In 1958, a group called the Free Officers overthrew the Iraqi monarchy. Its two leaders were General Abd al-Karim Qasim who commanded an army unit in Baghdad and Colonel Abd al-Salam Arif who was stationed in Jalawla, Diyala. The United States was caught completely by surprise. No one knew who the two soldiers were. What they did know was that Gamal Abdel Nasser’s pan-Arab radio station welcomed the coup. The CIA thought that the Free Officers were either pro-Nasser or worse were directed by the Soviets in a Communist attempt to enter the Middle East. Washington’s fears appeared to be realized because Colonel Arif was pro-Egyptian and General Qasim turned to Moscow for weapons and aligned with the Iraqi Communist Party. As a result, the CIA launched two plans to undermine Qasim . The first was sending a handkerchief laced with a substance in 1960 that was meant to incapacitate the general, which failed. Later, the Agency began sending weapons to the Kurds who started a rebellion against the government in 1961. In 1963, Qasim was killed in a coup led by the army and Baath Party that many believed was supported by the CIA.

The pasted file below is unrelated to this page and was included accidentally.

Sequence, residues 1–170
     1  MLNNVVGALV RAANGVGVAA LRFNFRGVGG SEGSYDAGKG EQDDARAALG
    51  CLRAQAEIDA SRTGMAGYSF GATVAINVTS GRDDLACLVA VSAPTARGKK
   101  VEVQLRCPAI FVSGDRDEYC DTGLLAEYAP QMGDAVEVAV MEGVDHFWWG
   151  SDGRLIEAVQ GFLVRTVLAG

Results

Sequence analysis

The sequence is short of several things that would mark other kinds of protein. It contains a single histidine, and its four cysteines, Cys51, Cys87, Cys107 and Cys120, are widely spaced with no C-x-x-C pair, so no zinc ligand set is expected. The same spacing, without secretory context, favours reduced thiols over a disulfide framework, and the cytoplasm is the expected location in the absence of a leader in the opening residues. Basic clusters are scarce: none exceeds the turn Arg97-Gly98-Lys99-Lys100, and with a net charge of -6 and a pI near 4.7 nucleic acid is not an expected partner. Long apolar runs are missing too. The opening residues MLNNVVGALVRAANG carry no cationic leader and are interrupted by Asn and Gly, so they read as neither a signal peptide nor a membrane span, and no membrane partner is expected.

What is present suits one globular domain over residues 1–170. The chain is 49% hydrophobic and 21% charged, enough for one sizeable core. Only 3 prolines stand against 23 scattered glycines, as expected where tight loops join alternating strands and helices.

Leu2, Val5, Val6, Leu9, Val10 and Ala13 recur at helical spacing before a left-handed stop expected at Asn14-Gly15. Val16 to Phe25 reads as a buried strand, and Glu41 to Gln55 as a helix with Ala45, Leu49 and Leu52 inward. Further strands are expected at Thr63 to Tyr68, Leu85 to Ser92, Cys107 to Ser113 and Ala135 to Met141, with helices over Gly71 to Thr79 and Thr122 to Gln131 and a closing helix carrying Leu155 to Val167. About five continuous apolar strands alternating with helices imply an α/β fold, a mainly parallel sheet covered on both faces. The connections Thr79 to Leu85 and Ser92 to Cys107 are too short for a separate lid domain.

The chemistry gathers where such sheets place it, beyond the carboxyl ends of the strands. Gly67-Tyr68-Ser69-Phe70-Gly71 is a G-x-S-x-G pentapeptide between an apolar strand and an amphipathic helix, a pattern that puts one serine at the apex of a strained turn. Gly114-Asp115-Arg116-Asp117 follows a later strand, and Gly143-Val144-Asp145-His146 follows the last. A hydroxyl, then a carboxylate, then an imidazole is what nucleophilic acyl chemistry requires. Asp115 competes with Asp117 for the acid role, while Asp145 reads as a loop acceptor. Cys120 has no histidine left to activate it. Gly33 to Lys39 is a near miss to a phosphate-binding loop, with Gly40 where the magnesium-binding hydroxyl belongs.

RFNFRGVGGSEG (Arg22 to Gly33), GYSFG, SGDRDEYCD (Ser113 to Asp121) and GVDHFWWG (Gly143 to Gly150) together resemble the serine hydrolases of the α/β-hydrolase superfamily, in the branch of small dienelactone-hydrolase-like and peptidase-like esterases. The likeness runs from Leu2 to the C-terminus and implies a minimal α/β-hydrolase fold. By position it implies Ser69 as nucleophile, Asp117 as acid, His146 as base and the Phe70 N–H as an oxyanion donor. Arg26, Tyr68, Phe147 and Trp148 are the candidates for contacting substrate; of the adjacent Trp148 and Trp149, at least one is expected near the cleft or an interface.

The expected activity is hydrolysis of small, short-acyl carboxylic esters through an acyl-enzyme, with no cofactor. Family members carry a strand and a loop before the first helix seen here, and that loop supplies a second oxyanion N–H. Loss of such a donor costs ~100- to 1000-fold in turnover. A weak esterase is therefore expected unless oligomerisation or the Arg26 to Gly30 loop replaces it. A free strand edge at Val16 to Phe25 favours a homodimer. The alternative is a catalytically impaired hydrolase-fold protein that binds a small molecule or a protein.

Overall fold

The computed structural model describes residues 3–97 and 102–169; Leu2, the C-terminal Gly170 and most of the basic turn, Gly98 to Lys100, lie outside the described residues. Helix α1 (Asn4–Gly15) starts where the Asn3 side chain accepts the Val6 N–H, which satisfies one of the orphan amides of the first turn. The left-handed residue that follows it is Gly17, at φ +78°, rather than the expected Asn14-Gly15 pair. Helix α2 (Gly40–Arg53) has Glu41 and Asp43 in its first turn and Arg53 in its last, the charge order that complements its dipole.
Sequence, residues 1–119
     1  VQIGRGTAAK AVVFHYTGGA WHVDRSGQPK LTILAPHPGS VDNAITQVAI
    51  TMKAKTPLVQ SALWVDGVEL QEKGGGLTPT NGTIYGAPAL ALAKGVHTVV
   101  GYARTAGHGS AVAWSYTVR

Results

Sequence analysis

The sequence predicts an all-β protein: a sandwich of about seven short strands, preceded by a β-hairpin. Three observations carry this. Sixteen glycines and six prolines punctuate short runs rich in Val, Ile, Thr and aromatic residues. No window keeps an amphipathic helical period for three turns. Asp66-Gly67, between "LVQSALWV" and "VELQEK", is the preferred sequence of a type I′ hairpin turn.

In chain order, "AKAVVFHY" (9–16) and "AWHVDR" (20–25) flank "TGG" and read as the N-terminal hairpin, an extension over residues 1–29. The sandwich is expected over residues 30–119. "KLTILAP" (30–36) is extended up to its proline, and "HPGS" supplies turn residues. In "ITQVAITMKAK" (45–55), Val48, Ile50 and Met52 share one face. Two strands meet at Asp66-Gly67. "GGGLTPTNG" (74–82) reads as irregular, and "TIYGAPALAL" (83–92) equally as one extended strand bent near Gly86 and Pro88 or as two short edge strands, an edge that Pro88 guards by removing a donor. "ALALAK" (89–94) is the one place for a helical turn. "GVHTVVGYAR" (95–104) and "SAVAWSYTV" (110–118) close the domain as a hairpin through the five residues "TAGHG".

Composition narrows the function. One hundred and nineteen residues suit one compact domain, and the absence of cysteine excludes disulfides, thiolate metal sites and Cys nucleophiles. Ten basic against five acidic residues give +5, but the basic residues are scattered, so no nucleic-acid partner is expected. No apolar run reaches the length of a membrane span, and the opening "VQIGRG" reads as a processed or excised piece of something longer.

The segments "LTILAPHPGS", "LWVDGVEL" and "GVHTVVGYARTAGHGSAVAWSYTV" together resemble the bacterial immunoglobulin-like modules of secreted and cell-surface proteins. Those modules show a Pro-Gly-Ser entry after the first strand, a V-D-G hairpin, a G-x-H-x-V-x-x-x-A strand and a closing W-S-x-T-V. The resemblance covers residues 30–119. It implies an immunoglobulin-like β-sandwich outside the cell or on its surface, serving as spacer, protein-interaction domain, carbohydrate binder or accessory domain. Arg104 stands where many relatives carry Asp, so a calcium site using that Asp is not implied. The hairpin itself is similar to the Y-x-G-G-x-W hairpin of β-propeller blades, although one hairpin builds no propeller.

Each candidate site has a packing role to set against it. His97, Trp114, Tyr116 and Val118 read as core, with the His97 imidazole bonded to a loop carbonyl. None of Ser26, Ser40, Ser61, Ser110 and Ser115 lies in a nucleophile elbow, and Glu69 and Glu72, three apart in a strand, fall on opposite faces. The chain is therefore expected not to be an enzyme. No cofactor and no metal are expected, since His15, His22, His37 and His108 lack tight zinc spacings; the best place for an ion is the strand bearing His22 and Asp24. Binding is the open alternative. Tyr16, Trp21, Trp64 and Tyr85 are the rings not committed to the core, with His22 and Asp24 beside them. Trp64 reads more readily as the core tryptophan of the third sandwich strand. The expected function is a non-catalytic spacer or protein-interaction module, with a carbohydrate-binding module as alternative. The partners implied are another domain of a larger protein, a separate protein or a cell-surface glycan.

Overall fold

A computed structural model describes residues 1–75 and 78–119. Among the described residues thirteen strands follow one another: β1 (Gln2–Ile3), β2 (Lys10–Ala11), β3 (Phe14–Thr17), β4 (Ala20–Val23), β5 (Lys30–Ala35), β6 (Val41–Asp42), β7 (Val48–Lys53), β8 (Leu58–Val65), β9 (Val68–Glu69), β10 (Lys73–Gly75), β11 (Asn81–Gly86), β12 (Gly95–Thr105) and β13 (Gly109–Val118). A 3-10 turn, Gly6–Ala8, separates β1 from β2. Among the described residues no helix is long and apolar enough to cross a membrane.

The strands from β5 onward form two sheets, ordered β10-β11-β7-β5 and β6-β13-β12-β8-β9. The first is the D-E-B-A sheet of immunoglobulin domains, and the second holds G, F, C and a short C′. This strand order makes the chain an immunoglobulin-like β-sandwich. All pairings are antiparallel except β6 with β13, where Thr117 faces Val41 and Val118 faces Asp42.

During this period, the U.S. knew little about Iraqi politics, and the only thing that really mattered was the Cold War. The fact that Colonel Arif was quickly dispatched from the government and General Qasim moved towards the Soviets to break England’s colonial legacy over Iraq wasn't important. To Washington Iraq appeared to be entering Moscow’s orbit and that was not to be tolerated. As it did too many times the U.S.’s response was to try to get rid of Qasim through covert means leading to these various plots against Iraq.
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